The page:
The Gospel According to
Marge Gunderson
by Lori Heine

My very favorite movie cop, of all time, is Marge Gunderson in Fargo. Ponderously pregnant, waddling through the snow, pausing for a ladylike upchuck when she finds the dead guy, she is not your typical movie cop. Yet she’s probably more like most real cops than Dirty Harry or Wyatt Earp. She is Everywoman, or Everyperson. She does her best every day to uphold decency.

“And for what?” she chides the murderer at the end of the movie, probing his twisted psyche for an answer to why he committed his crimes. “For a little bit o’ money? There’s more to life than a little money, ya know.”

The reason this scene is so moving isn’t that Marge won’t do absolutely anything for money and the bad guy will. It is the goodness that seems to shine through this simple, small-town public servant as she tries to understand evil. She can’t, and she decides not to try. “And it’s a beautiful day,” she sighs, as the police cruiser bearing the killer to jail rolls through what looks – to probably everybody else – like a wasteland of snow.

It doesn’t really matter why bad people do bad things; what’s far more interesting is why good people are good. In them, we catch a faint glimmer of God’s light. If we show that light forth, we bring to those around us not a little bit of money, but a little bit of God. In a brighter, bolder and more consistent way, those around Jesus saw that light in Him. “The light shone in the darkness, and the darkness did not overcome it.”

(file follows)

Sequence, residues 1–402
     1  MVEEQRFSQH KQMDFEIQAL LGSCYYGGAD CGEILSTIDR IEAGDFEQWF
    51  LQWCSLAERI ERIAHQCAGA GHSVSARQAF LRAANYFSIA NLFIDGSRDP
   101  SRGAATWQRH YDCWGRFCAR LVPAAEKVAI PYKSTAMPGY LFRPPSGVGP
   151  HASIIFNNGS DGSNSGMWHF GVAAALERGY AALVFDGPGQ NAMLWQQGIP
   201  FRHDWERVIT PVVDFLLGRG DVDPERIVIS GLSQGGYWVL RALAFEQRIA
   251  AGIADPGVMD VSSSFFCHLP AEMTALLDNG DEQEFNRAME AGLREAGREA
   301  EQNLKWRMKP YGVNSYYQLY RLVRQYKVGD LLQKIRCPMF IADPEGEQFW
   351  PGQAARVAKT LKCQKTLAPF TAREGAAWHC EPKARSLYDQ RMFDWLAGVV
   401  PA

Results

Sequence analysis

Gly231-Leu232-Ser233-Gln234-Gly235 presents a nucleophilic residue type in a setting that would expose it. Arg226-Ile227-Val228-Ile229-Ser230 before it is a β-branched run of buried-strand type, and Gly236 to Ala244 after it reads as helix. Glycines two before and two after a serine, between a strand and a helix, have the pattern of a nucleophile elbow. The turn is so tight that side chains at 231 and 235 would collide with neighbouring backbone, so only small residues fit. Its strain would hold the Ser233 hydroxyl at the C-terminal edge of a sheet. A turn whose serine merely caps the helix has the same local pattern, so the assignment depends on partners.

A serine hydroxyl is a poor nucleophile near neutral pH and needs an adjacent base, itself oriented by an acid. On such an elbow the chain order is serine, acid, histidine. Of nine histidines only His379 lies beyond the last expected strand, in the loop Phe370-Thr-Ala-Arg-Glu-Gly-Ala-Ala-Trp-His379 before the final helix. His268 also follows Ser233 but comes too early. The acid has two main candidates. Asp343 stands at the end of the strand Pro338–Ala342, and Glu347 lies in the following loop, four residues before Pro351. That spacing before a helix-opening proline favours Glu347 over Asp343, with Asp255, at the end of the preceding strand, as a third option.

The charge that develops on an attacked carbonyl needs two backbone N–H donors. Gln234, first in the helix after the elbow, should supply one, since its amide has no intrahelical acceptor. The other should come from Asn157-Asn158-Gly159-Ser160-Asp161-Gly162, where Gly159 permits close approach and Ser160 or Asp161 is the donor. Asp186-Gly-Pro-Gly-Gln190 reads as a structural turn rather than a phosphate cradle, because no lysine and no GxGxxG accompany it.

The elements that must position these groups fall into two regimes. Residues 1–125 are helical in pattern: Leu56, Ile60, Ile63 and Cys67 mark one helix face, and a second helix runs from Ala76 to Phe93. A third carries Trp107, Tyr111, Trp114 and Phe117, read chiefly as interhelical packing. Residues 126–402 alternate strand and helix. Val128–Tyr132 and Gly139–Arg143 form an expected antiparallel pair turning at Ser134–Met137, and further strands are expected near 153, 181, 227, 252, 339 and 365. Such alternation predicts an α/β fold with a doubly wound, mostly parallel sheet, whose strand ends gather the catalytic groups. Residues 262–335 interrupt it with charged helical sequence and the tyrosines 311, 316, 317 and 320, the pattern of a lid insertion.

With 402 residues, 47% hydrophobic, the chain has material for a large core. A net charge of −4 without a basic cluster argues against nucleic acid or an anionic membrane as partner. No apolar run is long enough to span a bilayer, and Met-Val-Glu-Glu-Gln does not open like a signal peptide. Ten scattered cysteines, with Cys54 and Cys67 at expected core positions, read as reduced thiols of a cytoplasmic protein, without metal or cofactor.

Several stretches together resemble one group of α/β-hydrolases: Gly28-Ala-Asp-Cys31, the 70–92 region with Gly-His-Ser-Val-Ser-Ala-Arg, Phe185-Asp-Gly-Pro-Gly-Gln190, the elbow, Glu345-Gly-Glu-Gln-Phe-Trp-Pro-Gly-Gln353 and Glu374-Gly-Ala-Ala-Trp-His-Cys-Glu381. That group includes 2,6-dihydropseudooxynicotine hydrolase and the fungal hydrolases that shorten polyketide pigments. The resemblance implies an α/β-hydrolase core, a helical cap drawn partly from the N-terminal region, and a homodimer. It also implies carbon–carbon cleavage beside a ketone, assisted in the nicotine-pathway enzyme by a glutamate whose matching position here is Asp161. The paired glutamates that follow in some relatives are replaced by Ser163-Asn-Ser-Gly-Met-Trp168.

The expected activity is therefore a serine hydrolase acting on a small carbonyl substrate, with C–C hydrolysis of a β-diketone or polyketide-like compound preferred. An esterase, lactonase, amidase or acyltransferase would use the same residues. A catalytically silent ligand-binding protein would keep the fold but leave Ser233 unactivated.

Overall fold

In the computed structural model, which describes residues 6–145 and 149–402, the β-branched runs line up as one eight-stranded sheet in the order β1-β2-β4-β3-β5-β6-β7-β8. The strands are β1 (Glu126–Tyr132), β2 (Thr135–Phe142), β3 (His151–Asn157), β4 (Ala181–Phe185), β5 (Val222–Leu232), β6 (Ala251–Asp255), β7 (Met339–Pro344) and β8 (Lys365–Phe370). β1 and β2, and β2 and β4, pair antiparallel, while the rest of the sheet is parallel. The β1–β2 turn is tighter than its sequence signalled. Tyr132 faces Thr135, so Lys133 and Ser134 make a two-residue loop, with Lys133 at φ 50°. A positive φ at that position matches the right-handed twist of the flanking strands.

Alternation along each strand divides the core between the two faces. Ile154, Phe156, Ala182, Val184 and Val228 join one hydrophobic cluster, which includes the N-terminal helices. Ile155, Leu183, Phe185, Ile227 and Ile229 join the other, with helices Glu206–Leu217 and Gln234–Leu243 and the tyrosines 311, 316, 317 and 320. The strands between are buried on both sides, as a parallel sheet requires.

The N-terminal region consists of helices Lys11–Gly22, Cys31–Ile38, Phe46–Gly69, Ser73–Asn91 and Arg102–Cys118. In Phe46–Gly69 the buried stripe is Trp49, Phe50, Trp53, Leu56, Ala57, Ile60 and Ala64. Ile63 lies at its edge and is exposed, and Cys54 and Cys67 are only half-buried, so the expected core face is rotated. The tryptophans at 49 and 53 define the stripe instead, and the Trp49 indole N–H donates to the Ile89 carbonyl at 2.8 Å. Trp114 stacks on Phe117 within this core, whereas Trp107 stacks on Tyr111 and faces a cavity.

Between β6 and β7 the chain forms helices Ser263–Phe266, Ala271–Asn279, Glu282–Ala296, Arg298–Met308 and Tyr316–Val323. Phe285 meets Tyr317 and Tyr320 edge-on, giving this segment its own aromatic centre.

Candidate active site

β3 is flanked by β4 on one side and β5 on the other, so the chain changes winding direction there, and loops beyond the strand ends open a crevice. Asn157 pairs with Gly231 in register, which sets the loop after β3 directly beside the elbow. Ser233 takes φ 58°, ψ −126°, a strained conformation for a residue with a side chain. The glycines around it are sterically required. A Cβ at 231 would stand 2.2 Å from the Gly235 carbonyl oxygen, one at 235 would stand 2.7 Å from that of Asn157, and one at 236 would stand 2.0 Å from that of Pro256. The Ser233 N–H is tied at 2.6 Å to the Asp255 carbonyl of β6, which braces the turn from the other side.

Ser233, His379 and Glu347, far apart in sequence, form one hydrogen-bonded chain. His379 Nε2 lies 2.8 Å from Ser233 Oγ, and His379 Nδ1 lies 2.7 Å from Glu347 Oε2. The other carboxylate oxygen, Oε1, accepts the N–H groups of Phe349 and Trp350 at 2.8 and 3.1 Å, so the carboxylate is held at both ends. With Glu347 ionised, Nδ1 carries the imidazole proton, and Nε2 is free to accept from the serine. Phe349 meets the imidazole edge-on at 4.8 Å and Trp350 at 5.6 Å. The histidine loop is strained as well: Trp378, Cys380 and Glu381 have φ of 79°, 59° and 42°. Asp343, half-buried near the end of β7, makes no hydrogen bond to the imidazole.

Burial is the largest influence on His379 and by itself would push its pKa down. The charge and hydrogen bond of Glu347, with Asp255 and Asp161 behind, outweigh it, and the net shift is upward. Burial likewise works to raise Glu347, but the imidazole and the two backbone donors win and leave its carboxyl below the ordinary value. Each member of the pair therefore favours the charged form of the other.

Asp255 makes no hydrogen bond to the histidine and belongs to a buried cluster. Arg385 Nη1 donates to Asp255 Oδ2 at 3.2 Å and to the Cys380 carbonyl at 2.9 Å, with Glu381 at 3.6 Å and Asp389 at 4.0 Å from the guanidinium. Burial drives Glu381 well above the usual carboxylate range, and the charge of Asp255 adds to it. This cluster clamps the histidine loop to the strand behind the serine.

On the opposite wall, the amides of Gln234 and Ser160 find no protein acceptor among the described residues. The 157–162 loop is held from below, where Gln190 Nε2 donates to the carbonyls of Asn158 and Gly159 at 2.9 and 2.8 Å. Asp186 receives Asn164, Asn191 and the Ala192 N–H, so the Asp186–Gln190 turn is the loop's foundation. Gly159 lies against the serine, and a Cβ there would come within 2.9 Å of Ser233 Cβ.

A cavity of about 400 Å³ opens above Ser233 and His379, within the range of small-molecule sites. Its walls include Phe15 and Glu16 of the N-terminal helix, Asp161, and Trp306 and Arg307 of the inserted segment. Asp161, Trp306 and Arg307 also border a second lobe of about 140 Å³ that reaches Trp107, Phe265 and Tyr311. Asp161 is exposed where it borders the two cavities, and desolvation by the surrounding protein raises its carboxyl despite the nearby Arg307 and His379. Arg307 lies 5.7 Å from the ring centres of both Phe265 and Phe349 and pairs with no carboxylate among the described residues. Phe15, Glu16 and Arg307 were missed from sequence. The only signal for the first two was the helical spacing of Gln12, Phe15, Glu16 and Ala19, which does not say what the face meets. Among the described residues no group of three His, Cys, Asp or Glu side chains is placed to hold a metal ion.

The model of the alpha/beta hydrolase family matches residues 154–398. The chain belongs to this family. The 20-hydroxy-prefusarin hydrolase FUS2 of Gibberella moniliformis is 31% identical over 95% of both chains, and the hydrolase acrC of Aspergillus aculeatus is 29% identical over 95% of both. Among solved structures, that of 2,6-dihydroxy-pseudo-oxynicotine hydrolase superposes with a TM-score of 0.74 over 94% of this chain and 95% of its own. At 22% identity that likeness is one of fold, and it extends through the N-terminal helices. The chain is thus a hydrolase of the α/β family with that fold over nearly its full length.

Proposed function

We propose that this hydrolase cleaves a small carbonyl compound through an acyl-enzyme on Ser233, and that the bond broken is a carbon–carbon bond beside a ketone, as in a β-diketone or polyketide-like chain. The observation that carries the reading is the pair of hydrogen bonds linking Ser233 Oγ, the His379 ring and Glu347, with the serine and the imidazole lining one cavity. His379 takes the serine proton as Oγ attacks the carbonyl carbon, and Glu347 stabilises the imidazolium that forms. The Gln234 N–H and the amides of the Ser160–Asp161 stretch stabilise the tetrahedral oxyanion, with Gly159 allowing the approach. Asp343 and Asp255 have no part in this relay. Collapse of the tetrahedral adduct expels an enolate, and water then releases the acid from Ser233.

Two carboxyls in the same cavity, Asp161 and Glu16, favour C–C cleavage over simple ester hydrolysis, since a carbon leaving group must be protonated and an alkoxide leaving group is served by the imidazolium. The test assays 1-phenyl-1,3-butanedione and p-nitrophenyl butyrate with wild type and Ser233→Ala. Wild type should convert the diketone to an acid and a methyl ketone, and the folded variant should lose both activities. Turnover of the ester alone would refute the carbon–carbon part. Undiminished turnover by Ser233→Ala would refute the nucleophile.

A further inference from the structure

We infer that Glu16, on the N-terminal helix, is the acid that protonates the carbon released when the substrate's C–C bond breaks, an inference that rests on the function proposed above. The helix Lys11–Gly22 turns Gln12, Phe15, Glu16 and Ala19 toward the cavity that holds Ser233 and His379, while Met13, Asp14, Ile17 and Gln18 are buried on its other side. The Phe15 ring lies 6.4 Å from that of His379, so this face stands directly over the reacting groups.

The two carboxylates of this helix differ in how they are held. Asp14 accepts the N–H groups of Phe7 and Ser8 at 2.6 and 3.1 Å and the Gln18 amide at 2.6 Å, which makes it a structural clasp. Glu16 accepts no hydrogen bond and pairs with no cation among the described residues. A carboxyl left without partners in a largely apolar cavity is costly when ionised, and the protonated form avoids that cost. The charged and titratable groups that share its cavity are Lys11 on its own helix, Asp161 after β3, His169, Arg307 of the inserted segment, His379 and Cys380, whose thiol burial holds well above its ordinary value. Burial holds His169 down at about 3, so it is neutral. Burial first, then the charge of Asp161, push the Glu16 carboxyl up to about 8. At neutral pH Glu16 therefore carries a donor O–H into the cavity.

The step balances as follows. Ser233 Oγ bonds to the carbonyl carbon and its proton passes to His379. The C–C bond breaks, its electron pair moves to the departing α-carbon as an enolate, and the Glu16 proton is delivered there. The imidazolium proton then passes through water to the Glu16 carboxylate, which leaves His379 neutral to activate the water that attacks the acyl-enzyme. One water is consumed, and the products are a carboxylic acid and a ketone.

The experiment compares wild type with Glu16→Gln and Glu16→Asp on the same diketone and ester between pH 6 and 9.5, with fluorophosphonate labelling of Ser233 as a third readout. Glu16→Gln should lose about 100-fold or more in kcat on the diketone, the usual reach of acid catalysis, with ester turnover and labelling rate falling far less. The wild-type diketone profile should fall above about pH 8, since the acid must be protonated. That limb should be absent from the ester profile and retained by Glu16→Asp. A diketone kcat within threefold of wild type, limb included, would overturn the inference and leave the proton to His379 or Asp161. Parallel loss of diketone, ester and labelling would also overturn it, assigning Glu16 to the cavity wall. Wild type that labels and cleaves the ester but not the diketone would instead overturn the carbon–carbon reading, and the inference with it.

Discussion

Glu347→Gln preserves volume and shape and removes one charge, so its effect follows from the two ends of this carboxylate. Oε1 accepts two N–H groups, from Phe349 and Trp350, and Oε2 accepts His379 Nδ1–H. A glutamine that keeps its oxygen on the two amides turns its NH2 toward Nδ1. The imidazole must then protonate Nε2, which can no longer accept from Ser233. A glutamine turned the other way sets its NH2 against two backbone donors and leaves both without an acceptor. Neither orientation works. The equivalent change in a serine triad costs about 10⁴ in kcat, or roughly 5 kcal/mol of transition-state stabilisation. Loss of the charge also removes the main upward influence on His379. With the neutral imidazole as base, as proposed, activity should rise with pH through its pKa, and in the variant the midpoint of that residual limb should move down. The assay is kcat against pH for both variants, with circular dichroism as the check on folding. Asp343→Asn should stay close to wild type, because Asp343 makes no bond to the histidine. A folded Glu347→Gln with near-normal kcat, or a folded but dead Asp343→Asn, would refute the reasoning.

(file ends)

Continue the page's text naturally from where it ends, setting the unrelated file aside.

Some Bible translations have, “the darkness did not grasp it.” Either way, it works when understanding the scene in Marge’s police cruiser. Darkness may not grasp the light, but it can’t overcome it, either.

This is also why we, in the LGBT community, must not succumb to anger, bitterness, fear or despair in dealing with our adversaries. If those of us, particularly, who are people of faith shine forth the love and patience that is in us – the fruit of the Spirit – none of the unjust accusations, none of the outright lies, none of the attempts to scapegoat or demonize us can prove successful. Like Marge Gunderson, we can look at evil, shake our heads and say, “But it’s a beautiful day.” Even as we slog through what sometimes seems a cold wasteland.

By upholding decency every day, as we simply go about living our lives (not the “lifestyle” our slanderers claim we have, but our real lives), we shine forth the good that is in us. We are Everywoman and Everyman. We shine forth a little of the light of God. And the darkness will not overcome it.


© 2012 Lori Heine

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